THE United States says it is pursuing peace on the Korean peninsula. And yet, when Pyongyang offered to hold peace talks that could officially end the 65-year-old war, Washington declined.
Speaking to Radio Sputnik’s Loud & Clear, Sarah Sloan of the ANSWER Coalition explains.
“In 1994 there was an agreement signed between the United States and the DPRK,” activist Sarah Sloan tells Loud & Clear host Brian Becker. “They [North Korea] agreed to suspend their nuclear weapons program, and they did at that time. But they were supposed to get things in this agreement in exchange.”
This included a whitewater nuclear reactor, built by the West, to meet the country’s energy needs, as well as heavy fuel products. But this agreement was scrapped when George W. Bush came into office.
Against this backdrop, Pyongyang’s recent testing of a nuclear weapon makes sense.
“When the US carries out military exercises that actually simulate war, simulate the invasion and destruction of North Korea, a country that just over 60 years ago suffered the loss of millions of people…they consider that to be a very real threat.”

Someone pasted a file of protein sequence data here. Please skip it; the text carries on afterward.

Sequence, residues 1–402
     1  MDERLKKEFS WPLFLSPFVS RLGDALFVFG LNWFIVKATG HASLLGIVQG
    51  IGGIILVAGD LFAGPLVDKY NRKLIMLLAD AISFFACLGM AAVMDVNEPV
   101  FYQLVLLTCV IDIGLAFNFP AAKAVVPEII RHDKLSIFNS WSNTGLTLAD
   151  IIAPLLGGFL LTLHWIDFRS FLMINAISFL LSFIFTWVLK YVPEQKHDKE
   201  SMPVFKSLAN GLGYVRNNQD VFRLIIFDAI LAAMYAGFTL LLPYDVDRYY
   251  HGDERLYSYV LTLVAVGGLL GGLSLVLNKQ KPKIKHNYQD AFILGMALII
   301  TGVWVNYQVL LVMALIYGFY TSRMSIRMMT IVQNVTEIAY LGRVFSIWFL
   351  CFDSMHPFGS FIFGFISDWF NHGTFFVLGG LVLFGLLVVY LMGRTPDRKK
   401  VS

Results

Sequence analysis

Recently, the US State Department claimed that peace talks between Washington and Pyongyang fell apart because North Korea refused to consider denuclearization a part of that agreement.
“I think it’s clear to North Korea that all they can do is remain as strong as possible to attempt to withstand the threat of the United States,” she adds. “Giving up their nuclear weapons will only mean their destruction…”
While many Western citizens have a negative view of Pyongyang, that’s largely because North Korea has been vilified by the US.
She hopes that increased travel to North Korea can help break down these misunderstandings.
“We’ve supported the work of the Korea Peace Tours, which is helping to bring US peace activists…to the DPRK,” she says. “People who went have been able to come back and speak about their trip and show pictures and video to show people what it’s really like.”
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